Using a list of names supposedly garnered through torture, Nigerian authorities have launched a manhunt for gay men.
Nigerian President Goodluck Jonathan signed a bill that criminalises same-sex relationships, the presidency said, defying pressure from Western governments to respect gay and lesbian rights.
The bill, which contains penalties of up to 14 years in prison and bans gay marriage, same-sex "amorous relationships" and membership of gay rights groups, was passed by the national assembly last May but Jonathan had delayed signing it into law.
Dorothy Aken'Ova, executive director of the country's International Centre for Reproductive Health and Sexual Rights, said that the legislation, hailed the "Jail the Gays" law, had led to mass arrests.
Police in Bauchi state, she claimed, had a list of 168 purportedly gay men, of whom 38 had been arrested.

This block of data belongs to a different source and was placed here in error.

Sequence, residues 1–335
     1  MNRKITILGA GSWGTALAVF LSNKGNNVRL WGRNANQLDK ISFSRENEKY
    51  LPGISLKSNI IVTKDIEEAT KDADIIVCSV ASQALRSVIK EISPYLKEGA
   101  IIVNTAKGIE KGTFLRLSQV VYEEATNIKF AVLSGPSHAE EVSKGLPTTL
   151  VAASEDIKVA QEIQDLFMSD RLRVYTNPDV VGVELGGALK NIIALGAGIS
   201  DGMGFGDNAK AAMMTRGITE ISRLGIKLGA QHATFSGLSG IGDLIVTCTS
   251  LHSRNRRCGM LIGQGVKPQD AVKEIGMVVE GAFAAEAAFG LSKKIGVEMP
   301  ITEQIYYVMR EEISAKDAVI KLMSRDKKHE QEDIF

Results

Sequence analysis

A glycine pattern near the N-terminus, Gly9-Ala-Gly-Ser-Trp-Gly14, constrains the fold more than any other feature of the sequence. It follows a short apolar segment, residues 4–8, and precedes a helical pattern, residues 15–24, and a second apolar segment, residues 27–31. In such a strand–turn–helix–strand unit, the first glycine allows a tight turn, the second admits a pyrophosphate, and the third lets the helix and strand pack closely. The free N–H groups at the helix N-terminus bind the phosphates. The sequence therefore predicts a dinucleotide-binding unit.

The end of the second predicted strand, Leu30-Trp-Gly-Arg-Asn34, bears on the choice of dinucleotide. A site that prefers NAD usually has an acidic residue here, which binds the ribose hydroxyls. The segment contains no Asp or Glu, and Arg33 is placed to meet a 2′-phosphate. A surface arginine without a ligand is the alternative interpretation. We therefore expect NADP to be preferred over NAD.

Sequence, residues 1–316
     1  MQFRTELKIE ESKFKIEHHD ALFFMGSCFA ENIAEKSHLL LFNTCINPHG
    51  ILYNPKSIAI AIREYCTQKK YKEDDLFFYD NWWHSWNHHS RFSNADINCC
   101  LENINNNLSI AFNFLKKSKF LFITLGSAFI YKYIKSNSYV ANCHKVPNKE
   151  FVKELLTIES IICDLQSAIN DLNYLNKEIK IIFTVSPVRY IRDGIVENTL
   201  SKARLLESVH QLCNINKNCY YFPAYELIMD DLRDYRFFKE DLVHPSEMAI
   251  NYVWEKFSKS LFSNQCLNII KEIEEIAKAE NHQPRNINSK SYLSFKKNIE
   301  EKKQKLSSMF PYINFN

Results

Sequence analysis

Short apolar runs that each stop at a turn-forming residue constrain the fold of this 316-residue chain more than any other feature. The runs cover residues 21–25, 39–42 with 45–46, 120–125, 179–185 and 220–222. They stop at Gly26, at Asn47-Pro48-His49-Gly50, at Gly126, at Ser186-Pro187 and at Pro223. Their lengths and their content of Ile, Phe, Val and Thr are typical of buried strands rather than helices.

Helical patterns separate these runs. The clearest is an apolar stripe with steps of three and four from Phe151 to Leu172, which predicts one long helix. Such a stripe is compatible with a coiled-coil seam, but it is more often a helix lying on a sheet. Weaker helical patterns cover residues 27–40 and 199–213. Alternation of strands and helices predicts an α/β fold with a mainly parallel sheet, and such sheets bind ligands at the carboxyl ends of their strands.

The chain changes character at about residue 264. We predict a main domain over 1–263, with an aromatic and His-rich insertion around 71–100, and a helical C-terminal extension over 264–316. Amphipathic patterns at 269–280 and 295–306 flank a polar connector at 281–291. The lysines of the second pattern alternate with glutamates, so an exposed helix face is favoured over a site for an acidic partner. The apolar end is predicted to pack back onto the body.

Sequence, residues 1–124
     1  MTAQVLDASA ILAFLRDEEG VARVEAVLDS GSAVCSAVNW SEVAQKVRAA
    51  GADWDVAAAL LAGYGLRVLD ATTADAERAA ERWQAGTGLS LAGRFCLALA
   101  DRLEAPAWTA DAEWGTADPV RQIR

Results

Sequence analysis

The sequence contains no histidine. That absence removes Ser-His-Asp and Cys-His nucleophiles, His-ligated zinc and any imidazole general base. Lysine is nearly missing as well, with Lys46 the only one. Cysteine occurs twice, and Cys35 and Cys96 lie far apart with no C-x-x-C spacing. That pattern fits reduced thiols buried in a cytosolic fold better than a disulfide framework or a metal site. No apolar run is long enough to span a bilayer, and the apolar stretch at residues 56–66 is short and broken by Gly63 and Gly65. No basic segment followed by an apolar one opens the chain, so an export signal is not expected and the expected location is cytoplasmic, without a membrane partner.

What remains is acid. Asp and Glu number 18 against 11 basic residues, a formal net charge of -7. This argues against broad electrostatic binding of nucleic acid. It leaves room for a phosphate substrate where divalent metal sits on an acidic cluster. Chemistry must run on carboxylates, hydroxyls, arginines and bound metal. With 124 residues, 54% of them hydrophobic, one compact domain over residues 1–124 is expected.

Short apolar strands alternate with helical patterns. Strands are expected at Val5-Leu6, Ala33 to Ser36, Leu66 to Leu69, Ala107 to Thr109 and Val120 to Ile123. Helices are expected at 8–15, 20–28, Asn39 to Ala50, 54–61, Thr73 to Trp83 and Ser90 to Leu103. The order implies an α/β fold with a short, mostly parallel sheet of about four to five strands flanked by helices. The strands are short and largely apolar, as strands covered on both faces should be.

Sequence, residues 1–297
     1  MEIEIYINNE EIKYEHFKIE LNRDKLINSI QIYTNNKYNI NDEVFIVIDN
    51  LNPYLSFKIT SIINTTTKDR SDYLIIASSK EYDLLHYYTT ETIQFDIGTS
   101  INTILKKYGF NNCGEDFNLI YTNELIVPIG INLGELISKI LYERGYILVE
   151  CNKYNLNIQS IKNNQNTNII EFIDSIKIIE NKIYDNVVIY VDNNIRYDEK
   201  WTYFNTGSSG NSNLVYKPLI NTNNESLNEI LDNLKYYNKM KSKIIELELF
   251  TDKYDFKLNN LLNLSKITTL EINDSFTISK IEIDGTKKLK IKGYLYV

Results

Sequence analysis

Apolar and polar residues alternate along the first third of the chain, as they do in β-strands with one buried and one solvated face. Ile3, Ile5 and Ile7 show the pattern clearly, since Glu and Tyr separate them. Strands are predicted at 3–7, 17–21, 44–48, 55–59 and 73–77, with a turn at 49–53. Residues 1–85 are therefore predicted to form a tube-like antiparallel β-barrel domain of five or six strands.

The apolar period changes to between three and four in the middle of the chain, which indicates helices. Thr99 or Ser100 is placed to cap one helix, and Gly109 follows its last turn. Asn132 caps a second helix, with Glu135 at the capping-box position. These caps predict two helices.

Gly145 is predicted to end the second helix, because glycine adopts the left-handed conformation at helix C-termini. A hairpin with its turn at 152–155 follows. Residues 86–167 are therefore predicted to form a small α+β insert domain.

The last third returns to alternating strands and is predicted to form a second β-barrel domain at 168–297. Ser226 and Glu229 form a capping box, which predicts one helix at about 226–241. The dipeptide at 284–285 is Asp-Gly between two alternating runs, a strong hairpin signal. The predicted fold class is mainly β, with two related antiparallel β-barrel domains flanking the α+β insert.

The laws, she cautioned, will endanger medical programmes combating HIV-Aids in the gay community. Nigeria has the second-largest HIV epidemic globally with an estimated 3.4 million people living with HIV.
Responding to the spread of anti-gay legislation,Kerry said: "The United States is deeply concerned by Nigeria's enactment of the Same Sex Marriage Prohibition Act. Beyond even prohibiting same-sex marriage, this law dangerously restricts freedom of assembly, association and expression for all Nigerians.
"[The law] is inconsistent with Nigeria's international legal obligations and undermines the democratic reforms and human rights protections enshrined in its 1999 constitution," he added.
"People everywhere deserve to live in freedom and equality. No one should face violence or discrimination for who they are or who they love."